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Monday, December 02, 2002
Headscarf solidarity day
Disappointingly, I saw no examples of westernised women wearing solidarity (or, indeed, any) headscarves, last Friday. My observations made me aware of the large numbers of women, from oppressive cultures, wearing all-enveloping garments quite inappropriate for modern life. One girl was with a school party. One can but hope that her fellow pupils will make it more difficult for her to continue with such idiotic garb. Perhaps legislation is called for… On the positive side, I saw neither veil nor burka.
As I promised I would, I wore my headscarf with pride but I fear that the point was lost – it would have been hidden beneath my sunhat, an essential in this climate.
Trams and pokies in Melbourne
To give you an idea of what life is like in Melbourne, I have two pieces of information. They may come in useful should you ever find yourself in Melbourne wondering where to stay and how to get about.
Firstly, any building bearing the legend ‘Hotel’, is probably not a hotel, particularly in the suburbs. When I first arrived here, some years ago, I went to several ‘hotels’ to try to find accommodation before I realised that many soi-disant hotels now fulfil different functions.
Australians seem to be inveterate gamblers and most hotels have become gambling saloons. They have notices saying ‘Pokies’ outside but the ‘hotel’ signs usually remain. Contrary to one’s initial suspicions, ‘pokies’ has nothing to do with sexual practices nor is there a lost consonant from cockney rhyming slang. (‘Pork pies’ = lies. ‘Pork pies’ is often abbreviated to ‘porkies’. Geddit?)
You will be pleased to hear that I have found suitable accommodation at the Essendon Ritz, one of Mohamed al Fayed’s properties, very much along the lines of his Paris establishment. It is convenient both for Essendon airport, where the Blackbird made such a stir, and for the tram route into the city centre. If ever you come to Melbourne, amuse yourself by trying to find the lovely hotel I have described.
The tram system provides reliable, economical and interesting transport around the city and its suburbs. These vehicles have priority and you tangle with them at your peril. Last week, a four-wheel drive vehicle tried it and came off second best. The vehicle was shunted into a fire hydrant, giving rise to a massive water spout, and rescuers had to rig up awnings to protect themselves while trying to free the driver (Oops, no Superman). Fortunately, she had only minor injuries.
I have been travelling round by tram for as little as £1 per day. The service is frequent and quick and I have happily left my hire car (a Mitsubishi Magna in the absence of a suitable Rolls Royce) behind when going into the city centre. Tram tickets are dispensed by onboard machines and I had the pleasurable experience today of demonstrating how to use one, to a Melburnian no less. There is also a free, circular-route tram, running round the centre of the inner city. It is an excellent vehicle for getting to know the layout. It will get you from point to point when tourist legs are becoming weary.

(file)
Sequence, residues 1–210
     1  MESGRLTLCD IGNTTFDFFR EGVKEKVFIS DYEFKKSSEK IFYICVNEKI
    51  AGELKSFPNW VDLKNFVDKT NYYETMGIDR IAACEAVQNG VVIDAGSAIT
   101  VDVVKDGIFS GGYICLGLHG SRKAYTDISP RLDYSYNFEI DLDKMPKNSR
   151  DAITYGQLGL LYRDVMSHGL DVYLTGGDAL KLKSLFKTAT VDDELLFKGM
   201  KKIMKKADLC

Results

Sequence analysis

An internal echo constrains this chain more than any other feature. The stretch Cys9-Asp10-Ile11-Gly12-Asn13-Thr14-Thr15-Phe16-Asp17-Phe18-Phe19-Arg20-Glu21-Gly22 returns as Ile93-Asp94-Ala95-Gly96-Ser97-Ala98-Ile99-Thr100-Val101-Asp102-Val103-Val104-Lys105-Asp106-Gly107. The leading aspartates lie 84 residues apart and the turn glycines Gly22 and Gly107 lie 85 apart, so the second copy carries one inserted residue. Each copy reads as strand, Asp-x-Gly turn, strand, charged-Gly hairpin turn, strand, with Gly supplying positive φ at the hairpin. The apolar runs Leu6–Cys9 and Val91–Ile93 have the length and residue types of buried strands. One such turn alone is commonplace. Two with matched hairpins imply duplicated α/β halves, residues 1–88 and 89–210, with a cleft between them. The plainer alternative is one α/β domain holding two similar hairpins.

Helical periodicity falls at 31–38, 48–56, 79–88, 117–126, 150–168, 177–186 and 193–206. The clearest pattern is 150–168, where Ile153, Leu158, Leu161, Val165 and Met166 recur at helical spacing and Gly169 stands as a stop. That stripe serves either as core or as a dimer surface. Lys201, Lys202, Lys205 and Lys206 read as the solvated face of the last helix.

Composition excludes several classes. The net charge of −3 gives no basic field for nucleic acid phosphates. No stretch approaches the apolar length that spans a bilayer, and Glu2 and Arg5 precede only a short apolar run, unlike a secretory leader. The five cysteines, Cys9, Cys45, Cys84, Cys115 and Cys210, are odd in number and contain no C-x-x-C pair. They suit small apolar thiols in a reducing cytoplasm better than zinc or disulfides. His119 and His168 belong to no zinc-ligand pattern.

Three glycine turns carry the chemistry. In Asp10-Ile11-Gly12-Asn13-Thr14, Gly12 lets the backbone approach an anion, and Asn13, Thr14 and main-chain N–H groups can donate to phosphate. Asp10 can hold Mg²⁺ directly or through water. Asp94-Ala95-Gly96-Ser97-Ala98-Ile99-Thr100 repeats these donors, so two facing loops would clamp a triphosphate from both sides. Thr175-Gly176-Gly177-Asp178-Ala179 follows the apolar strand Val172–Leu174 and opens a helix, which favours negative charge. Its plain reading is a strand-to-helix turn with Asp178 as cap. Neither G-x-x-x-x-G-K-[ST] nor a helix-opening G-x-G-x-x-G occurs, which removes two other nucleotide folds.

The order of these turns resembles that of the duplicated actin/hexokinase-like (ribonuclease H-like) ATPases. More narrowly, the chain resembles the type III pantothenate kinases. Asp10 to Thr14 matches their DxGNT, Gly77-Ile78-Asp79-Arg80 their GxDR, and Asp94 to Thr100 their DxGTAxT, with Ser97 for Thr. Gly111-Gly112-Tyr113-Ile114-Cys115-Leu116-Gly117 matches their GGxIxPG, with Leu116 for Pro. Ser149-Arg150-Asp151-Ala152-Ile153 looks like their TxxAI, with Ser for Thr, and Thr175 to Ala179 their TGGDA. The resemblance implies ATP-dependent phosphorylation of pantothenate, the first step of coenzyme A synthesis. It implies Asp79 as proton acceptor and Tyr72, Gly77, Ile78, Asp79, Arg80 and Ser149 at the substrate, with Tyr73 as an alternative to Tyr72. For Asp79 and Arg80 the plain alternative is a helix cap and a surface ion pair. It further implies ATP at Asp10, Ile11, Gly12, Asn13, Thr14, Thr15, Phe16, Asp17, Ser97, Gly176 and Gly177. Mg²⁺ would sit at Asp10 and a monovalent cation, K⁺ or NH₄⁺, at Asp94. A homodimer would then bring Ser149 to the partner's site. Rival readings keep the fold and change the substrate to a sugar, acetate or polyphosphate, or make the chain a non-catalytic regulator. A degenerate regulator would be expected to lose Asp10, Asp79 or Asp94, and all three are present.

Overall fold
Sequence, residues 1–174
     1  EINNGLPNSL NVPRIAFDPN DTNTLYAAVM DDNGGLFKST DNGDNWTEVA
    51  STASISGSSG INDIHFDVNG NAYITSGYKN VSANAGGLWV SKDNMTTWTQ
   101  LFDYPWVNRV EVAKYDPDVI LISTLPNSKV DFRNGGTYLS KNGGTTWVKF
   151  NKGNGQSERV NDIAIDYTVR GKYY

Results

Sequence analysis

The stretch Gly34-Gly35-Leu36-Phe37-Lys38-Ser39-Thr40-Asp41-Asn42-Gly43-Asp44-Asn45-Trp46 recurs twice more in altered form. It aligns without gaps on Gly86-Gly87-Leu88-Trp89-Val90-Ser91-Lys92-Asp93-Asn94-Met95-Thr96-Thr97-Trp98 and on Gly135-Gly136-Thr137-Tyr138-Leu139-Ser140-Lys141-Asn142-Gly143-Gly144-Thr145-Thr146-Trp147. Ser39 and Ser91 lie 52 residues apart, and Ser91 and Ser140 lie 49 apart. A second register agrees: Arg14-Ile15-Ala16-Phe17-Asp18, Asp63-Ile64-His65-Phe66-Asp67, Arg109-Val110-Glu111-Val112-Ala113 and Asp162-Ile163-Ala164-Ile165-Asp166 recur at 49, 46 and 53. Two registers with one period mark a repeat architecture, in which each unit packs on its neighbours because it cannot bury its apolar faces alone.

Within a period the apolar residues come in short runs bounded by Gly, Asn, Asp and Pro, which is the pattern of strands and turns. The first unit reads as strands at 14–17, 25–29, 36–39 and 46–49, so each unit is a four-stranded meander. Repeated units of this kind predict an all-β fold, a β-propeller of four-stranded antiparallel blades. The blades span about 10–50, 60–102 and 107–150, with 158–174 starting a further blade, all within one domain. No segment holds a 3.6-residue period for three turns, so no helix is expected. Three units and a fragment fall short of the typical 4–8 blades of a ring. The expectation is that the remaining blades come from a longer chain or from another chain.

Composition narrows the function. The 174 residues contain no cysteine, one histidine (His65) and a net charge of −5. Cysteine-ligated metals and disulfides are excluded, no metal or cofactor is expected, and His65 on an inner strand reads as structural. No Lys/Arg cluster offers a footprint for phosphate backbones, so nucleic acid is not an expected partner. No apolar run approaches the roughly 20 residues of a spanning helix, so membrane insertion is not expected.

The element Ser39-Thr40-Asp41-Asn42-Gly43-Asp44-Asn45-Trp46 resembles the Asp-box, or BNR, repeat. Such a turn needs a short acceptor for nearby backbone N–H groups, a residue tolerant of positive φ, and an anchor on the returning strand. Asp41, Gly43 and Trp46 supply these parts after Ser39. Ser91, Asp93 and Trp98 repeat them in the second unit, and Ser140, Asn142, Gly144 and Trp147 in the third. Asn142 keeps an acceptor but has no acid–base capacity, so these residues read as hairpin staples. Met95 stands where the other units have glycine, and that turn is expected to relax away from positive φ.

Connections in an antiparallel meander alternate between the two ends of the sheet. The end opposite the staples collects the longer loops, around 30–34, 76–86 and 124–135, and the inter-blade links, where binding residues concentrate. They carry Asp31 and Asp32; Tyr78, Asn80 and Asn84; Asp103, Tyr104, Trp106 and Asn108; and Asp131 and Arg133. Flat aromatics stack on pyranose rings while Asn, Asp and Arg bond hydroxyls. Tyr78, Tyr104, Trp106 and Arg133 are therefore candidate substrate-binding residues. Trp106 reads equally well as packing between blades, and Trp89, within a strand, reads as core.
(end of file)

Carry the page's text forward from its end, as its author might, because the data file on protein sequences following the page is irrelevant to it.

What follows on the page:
Talking of weary, you will by now, either have forgotten about ‘pokies’ or become incensed by my lack of explanation. I have told you what they are not, but not what they are. Pokies are poker slot machines and one-arm bandits, I think, but I’m not sure. Having a constitutional aversion to gambling – I’m sometimes known as ‘Josh the Careful, - such things do not interest me. Remind me one day to tell you about my exploits in Las Vegas…
I always seem to be in Australia for some sort of election or the other. On Saturday, there were elections for the State (i.e. Victoria, not National) Parliament. More of this anon, when I shall discuss the result: the ruling Labour Party increased its majority very considerably.
I visited a polling station in an attempt to see Australian democracy in action. I announced myself as one of the European Union’s official observers of Australia’s democratic process. I asked a series of questions about election spending to which I got satisfactory replies (e.g. there is a cap on election spending by each party).
However, I am afraid that the officials interviewed may not have been treating my questions completely seriously. One said that, if candidates contravene one particular regulation [I am afraid I cannot remember what it was], ‘…then we shoot ‘em’. These were his very words. Whether or not I was mistaken about the apparent levity, this has to be seen as an interesting practice which should, perhaps, be adopted more widely.
Free (ahem) speech
Saturday’s Melbourne Age carried the following interesting piece of news:
The lawyer for a Brisbane man who flashed his buttocks at a police car argued in court last week that ‘mooning’ was a constitutional right and a part of the larrikin Australian character.Hmm, mooning as a constitutional right, eh? That’s an interesting idea, even to those of us with an unwritten constitution.
You can read the rest of the article, headed ‘Mooning is OK, court told’ here. Personally, I do not understand why mooning at a car could be considered an offence in the first place. Now, mooning at people… that’s another matter.
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